JOHNSON COUNTY, Ind. — Advocates in central Indiana are putting life-saving tools into the hands of those who need them.

14 Naloxone Boxes, or NaloxBoxes, are now installed all across Johnson County. Each box is filled with doses of Naloxone, a medicine that can rapidly reverse an opioid overdose.

The boxes are placed in plain sight on churches, libraries, hotels and county buildings.

“It can save a life,” said Kathleen Ratcliff, Executive Director of Upstream Prevention. “The more hands we can get it into the better.”

Ratcliff works as the Executive Director of Upstream Prevention, the non-profit organization behind these boxes. The Naloxone doses are free to anyone who needs it, for those just in case of emergency situations.

“If they love someone or know someone who uses that it could save their life and to pick one up and to take it with them,” said Ratcliff.

For one member of the Upstream Prevention organization, this project is personal.

“I was sick and tired of being sick and tired but I didn’t know there was a way out until someone showed me,” said Kaleb Lane, a recovering addict.

Heroin was Kaleb Lane’s drug of choice.  He was addicted for 8 years and Naloxone saved his life more than once.

“You get comfortable using and you don’t ever think it could happen to you,” said Lane.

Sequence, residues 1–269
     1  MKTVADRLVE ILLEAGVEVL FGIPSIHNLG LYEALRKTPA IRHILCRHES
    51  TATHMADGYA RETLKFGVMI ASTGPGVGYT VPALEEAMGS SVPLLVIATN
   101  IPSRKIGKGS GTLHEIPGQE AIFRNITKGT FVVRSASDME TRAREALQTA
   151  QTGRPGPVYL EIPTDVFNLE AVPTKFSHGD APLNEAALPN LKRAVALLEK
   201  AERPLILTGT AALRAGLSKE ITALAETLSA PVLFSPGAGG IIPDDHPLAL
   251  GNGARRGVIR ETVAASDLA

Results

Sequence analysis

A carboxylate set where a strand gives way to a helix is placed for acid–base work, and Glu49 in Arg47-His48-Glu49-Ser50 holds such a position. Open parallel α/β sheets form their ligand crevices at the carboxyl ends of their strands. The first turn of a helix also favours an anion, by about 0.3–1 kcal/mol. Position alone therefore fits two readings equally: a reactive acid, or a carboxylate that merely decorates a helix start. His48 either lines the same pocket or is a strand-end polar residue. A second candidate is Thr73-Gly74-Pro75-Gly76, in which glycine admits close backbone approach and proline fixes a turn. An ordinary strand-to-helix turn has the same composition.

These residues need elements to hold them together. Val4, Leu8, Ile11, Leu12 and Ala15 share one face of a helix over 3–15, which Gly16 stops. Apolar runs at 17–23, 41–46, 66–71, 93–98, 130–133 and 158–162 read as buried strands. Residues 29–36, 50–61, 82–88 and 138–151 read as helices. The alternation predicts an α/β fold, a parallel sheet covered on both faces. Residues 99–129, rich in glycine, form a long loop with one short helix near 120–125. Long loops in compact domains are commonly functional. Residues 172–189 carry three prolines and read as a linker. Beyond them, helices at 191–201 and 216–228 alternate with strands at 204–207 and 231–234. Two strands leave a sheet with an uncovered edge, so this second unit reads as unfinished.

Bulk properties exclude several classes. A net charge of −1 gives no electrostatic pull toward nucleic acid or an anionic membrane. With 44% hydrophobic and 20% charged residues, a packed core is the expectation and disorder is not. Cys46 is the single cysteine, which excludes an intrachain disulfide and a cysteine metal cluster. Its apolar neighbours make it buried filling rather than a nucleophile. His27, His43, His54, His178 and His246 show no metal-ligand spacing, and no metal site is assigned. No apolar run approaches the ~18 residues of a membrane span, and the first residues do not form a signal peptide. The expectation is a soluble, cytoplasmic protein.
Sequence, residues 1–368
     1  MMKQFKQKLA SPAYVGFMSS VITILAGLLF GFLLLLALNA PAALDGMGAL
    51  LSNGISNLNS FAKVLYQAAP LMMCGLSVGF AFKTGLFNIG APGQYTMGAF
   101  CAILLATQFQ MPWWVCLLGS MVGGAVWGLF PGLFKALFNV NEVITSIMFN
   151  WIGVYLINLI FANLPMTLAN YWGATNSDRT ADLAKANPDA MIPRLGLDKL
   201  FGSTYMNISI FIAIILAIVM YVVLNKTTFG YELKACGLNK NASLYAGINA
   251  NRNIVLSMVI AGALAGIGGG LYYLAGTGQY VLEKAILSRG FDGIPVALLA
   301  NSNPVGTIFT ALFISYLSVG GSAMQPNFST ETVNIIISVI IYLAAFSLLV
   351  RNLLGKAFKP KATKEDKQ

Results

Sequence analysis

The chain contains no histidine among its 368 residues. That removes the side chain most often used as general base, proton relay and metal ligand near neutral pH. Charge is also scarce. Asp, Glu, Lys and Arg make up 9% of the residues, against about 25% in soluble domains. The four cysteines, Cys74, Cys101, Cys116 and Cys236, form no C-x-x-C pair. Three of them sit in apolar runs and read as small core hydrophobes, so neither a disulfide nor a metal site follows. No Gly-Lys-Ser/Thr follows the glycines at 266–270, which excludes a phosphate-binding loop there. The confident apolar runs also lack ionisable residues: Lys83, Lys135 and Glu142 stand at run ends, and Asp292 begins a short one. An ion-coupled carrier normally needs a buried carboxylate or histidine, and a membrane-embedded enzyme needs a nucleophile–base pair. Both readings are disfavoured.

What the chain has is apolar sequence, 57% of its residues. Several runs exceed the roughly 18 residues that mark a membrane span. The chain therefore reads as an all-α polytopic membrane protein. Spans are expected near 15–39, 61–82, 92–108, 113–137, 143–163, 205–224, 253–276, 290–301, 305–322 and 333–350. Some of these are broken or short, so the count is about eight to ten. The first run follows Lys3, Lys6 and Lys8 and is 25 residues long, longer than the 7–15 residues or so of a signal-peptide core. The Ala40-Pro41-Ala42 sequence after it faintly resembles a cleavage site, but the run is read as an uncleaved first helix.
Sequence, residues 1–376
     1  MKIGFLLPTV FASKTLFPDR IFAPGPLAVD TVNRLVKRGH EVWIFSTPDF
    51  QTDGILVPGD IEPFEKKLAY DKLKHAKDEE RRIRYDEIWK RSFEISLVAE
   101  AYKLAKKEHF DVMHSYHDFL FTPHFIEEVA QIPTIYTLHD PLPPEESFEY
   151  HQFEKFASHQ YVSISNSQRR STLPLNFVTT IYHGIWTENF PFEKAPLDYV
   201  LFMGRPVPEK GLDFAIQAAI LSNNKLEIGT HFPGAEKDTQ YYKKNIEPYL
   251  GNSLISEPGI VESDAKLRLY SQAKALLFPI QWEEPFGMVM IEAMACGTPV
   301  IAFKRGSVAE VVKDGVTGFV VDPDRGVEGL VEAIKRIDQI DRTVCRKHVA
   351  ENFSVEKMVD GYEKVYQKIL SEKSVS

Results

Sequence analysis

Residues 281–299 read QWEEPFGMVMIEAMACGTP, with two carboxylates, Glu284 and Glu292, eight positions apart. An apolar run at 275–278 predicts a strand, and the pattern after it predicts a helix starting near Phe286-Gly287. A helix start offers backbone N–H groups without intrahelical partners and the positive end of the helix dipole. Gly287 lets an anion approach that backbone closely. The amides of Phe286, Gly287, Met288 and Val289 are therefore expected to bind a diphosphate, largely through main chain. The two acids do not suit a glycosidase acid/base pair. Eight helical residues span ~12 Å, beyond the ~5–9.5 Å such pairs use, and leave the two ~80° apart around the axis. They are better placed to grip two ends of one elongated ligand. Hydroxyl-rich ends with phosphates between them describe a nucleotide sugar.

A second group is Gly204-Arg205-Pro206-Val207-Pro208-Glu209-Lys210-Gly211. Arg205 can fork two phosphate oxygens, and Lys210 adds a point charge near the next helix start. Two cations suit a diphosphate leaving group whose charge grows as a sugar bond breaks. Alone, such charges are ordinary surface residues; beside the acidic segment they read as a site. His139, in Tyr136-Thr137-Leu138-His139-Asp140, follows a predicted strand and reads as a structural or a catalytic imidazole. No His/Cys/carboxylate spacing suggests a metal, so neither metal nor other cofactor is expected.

After struggling, Lane found the path to recovery and is now sober for two years.  He always carries Naloxone and has used it to save a stranger.

“I was in downtown Indianapolis one time and saw somebody and was able to administer it there,” said Lane.

In the past couple of months, people have taken more than 60 doses from the boxes at the Johnson County library branches.  Before the NaloxBox was installed at the library on State Street in Franklin, advocates put some doses in the Little Free Pantry.  Those doses were gone in a day.

“It’s one of those medicines you’d rather have it and not need it than need it and not have it,” said Lane.

Lane is now a peer recovery coach, encouraging others to realize there is hope and people are there to help.

“Recovery is possible. You’re worth it. It doesn’t matter how far down the scale we’ve slid. We can come back,” said Lane.

Always call 911, if you’re with someone who is overdosing. The NaloxBoxes were purchased with grant money.  Upstream Prevention hopes to add more NaloxBoxes throughout Johnson County.